Home   News   Article

Coronavirus resilience boost good news for Highland Senior Citizens’ Network as SSEN steps in to help those without computers or smartphones


By Hector MacKenzie

Contribute to support quality local journalism



Anne McDonald, a coordinator for the Highland Senior Citizens Network.
Anne McDonald, a coordinator for the Highland Senior Citizens Network.

A grant from from an energy company's resilience fund is helping to ensure elderly people in the Highlands who don’t have a computer or smartphone can still keep in touch with the latest help and advice during the coronavirus pandemic.

SSEN’s Resilient Communities Fund is helping Highland Senior Citizens’ Network (HSCN) improve resilience amongst the older members of Highland communities.

With the introduction of social distancing guidelines, previous plans have had to be re-thought, and this has seen the HSCN team go back to basics and put all of its useful content into a traditional newsletter format.

With nearly 100 groups across the Highlands and 300 individual members spread out across the region, part of the grant from last year’s SSEN Resilient Communities Fund has helped with the publication of the newsletter as well as the postage costs.

Jo Cowan, HSCN co-ordinator, said: “Before lockdown was announced, SSEN’s grant had been helping us develop our plans to work with community groups, libraries and community radio stations across the Highlands to share essential information that can really make a difference to our members.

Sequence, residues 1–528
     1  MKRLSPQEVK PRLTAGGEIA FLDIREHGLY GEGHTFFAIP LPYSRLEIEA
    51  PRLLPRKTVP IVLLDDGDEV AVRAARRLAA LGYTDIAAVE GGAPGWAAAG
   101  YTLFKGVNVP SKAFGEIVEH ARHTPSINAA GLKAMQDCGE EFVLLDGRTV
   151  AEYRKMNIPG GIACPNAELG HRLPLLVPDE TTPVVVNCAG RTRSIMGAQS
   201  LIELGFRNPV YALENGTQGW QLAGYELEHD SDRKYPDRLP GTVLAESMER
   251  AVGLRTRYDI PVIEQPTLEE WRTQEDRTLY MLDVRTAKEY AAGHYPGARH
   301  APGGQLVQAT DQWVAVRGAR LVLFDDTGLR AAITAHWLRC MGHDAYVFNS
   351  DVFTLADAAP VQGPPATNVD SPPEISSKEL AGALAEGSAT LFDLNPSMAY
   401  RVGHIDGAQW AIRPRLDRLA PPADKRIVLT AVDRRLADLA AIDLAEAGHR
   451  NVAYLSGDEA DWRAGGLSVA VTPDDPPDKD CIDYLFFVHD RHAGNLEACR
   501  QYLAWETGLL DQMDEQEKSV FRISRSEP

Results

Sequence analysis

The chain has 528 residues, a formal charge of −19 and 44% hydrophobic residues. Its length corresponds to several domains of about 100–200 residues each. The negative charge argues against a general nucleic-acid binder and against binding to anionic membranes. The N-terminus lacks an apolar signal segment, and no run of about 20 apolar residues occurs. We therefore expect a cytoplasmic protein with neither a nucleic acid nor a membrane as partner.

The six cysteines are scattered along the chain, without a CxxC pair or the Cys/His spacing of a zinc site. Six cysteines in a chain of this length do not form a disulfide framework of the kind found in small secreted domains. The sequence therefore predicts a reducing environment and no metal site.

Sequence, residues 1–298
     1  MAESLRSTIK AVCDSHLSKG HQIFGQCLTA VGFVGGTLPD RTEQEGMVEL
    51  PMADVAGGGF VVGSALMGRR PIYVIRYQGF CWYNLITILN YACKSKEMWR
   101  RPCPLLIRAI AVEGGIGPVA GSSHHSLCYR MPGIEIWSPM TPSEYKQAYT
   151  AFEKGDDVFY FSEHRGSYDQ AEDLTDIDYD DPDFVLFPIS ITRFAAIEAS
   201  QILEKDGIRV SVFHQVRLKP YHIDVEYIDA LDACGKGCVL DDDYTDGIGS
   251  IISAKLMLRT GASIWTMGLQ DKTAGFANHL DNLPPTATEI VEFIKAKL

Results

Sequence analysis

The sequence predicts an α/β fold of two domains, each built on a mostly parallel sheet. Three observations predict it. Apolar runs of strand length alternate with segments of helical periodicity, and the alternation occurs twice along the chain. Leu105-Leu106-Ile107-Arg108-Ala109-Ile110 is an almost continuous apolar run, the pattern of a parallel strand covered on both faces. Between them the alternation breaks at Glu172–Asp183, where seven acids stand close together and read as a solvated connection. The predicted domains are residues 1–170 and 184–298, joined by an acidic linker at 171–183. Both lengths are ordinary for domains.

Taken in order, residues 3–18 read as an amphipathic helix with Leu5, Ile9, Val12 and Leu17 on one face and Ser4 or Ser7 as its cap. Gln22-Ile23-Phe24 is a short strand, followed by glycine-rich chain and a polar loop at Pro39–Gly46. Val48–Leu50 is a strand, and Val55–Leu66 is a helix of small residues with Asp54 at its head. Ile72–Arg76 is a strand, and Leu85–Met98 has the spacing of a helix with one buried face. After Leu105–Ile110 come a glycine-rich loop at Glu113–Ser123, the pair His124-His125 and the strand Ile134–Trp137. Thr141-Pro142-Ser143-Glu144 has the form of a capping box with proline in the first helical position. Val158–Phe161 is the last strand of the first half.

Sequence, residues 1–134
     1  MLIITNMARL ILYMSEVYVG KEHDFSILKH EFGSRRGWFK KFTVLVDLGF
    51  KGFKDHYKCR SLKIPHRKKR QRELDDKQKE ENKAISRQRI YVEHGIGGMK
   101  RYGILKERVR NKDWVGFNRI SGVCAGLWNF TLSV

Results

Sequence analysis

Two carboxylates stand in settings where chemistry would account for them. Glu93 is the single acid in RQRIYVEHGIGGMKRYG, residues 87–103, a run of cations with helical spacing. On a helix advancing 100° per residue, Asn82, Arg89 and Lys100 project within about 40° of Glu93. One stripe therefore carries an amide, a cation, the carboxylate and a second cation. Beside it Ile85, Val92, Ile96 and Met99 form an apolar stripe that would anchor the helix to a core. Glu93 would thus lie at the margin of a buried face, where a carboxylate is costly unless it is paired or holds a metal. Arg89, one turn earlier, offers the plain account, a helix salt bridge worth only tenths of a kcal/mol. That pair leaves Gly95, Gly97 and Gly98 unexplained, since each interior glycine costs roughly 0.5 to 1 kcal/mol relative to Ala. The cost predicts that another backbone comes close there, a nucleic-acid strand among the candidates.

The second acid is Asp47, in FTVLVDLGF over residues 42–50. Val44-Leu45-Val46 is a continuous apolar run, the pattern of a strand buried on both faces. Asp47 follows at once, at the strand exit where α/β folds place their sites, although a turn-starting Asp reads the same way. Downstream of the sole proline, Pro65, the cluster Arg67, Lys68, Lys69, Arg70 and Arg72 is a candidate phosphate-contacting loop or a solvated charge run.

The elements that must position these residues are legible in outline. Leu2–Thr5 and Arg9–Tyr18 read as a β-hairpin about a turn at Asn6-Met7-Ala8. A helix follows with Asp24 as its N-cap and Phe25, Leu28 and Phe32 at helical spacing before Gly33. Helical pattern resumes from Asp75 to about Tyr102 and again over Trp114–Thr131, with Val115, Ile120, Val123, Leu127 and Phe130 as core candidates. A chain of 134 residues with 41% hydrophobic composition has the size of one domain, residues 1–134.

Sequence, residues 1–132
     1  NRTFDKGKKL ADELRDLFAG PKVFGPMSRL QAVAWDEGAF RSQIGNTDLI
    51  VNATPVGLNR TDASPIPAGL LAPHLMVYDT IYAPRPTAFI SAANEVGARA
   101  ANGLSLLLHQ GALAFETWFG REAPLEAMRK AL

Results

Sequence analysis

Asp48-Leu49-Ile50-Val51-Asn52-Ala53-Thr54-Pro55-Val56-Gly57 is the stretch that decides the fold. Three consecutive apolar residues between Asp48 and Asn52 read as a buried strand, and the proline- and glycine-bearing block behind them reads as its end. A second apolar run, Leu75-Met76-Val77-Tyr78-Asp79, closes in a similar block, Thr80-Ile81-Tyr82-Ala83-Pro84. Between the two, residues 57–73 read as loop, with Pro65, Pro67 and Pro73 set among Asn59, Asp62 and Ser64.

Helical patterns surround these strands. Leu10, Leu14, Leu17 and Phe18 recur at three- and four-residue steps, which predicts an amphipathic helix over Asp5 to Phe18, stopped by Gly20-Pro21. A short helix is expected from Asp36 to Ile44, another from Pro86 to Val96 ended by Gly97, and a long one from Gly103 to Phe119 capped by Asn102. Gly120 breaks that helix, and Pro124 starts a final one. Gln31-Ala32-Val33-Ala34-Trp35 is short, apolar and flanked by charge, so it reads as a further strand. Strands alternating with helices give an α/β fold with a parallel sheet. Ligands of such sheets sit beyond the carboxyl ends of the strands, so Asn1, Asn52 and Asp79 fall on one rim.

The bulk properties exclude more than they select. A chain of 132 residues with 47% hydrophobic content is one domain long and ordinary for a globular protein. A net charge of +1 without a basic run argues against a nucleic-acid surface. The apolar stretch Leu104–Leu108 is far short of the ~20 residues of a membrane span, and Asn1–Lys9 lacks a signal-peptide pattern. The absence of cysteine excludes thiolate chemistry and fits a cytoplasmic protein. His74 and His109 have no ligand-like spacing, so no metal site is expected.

“We’re looking at a variety of ways to share tips and practical information with our members, topics such as home safety advice from the Scottish Fire and Rescue Service, details on our partnership with Home Energy Scotland, the free help and support that is available through SSEN’s Priority Service Register, basically anything that will help our members develop their own personal resilience and have a positive impact on their day-to-day lifestyles.”

Anne McDonald, HSCN co-ordinator for the North of Highland added: "The first few weeks of lockdown saw our team busy producing the newsletter for our groups and members, getting them enveloped up and ready for the post; it was quite a task, but it’s all been worthwhile when we started to get the positive feedback from people who were pleased to be hearing from us. We’re already working on the latest newsletter as it’s important to keep in touch with our members and friends at this time.”

Pamela Harvey, SSEN’s customer relationship manager for the Highlands said: “We’re delighted to be able to help the HSCN, their commitment to developing resilience amongst older people across the Highlands is a great example of the Resilient Communities Fund in action.

“By putting all of their invaluable information into a series of newsletters, it means that any members who don’t have access to a computer or smartphone can still keep up to date and not feel excluded, something that is so important in these challenging times."


This website is powered by the generosity of readers like you.
Please donate what you can afford to help us keep our communities informed.

BECOME A SUPPORTER

In these testing times, your support is more important than ever. Thank you.



This site uses cookies. By continuing to browse the site you are agreeing to our use of cookies - Learn More